After watching the villagers of plant potatoes, (see previous post), our merry band went on a hike down a steep 45-degree hill – my knees were not pleased – that led us to small village called Ura. It was even darker now and rain had turned into a fine mist. It wasn’t the best way to see what had been described as a quaint town, but some lemonade came from Mother Nature’s lemons.
Outside of a small monastery we saw a small woman with a giant load of firewood on her back. She was heading towards the entrance, and after a few minutes conversation with our guide, Jurmin, we learned that she and her family were living in what looked like a large tool shed, for free, on the monastery’s property, while waiting for their home to be built.
Bless her heart if she didn’t smile and invite us in. The shed was dark, a shaft of light streaming in from a window opposite the door, the only illumination. To our right, the family had all their possessions stacked and under plastic. On the floor in front of us, her daughter sat cutting and rolling ornate strips of dough they would fry in oil to make light crisps they would later sprinkle with sugar.
The mother, sick and coughing - a cough that sounded as if here lungs would soon catapult themselves like Alien out of her mouth - held a piece of cloth up to her face as she fried the dough. When I first started shooting her she kept the rag up to her nose, but when I showed her the images in the LCD, she asked if she could be shot again without the rag. Of course I said yes, and she treated me to a sweet smile.
For over an hour our group of 5 was on the floor, snapping away with our cameras as the two women cooked and spoke casually with our guide. Because the shack was small, and the light was streaming downward, we found ourselves taking turns lying on the floor, each giving the other time to shoot the ladies in action.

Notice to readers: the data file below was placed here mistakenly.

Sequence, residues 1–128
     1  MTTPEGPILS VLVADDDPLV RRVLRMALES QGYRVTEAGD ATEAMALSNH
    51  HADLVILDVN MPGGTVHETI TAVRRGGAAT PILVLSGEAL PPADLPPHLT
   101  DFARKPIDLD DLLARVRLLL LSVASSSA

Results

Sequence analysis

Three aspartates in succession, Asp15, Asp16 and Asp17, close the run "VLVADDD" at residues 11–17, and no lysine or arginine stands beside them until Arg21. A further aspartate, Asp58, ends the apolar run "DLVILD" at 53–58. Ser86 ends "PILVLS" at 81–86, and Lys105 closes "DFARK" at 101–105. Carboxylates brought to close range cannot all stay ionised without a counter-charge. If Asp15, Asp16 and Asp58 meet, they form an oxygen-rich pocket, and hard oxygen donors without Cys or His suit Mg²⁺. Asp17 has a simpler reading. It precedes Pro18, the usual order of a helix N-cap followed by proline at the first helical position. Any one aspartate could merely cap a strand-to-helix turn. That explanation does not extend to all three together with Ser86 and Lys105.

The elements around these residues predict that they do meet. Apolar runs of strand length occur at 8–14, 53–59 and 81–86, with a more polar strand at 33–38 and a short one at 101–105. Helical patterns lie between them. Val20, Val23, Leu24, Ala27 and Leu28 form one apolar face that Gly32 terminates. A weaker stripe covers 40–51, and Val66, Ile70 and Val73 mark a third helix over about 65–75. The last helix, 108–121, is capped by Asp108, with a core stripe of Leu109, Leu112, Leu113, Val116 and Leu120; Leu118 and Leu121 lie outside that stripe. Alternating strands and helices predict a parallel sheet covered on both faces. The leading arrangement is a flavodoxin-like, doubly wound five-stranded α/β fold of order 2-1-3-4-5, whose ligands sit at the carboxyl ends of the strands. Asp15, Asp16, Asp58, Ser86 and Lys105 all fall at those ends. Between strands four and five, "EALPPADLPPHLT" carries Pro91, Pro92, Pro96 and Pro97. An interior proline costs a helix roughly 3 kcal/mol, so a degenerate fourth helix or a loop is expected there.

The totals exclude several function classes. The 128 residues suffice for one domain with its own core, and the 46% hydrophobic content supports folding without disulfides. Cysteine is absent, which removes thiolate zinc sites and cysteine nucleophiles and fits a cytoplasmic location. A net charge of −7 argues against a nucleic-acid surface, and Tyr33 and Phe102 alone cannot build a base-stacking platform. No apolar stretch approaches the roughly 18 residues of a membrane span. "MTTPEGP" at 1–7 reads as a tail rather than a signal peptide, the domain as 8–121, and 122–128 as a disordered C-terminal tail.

A young boy waits, in what I assume is his relative’s arms, for his novitiation ceremony to begin. The next day he will become a monk. It is obligatory for a male in Myanmar to become a monk at some point between five and adulthood, to show that he is a good Buddhist. Poorer households may encourage early monkhood in order to guarantee that their boys will be housed, educated and fed on a daily basis. The novice monks have no obligation to stay for any specific period of time, and from what our guide told us, many boys return home within a few days.
Last weekend on the Upper West Side of Manhattan I had a delightful encounter.
I’d been walking along Riverside Drive, enjoying the last remnants of New York’s autumn color, when in the distance I could see squirrels racing around in an odd circle: jumping from tree to tree, then scurrying across the stone wall that separates the street from Riverside Park.
At first I couldn’t understand what they were doing, and then I saw Ginny; a petite woman, I’m guessing in her early 70’s, rocking a granny ninja look in head to toe black, popped with turquoise. On her head she wore a black beret and large black sunglasses that were one size too big for her face.
Ginny sat quietly on a bench tossing shelled peanuts onto the wall. Predictably, the squirrels pounced on each morsel and then, fearing that other squirrels might steal it, jumped into the trees to finish, circling back again and again for more helpings.
As I moved closer to take photos, Ginny looked at me sideways with a – you better not scare off my squirrels– expression. She was orchestrating the scene like a conductor and didn’t want me to interrupt the show. Then, with a slight shuffle, and the smallest hunch to her shoulders, she walked over to the wall and poured water on the stone, then added a few more peanuts.
Well, now she’d done it –peanuts and water! The joy was palpable. The wall was alive with twice as much fur and a few intrusive starlings. Ginny smiled and walked back to her bench.
I stayed at a distance to take my photos, aware that the squirrels were more at ease, and Ginny too for that matter. She admitted that she preferred me out of the way, “you won’t chase away the squirrels from there,” she said.
A half an hour had whizzed by when she’d exhausted her peanut supply. The squirrels looked at her incredulously, We’re still hungry – they’re little faces implored. To be honest, I was a bit disappointed too. They lingered for a moment hoping for a reprieve and then scattered to the wind leaving tree limbs pumping up and down in their wake.
And Ginny? Well, Ginny had other things to do, and with a smile and a wave she was gone.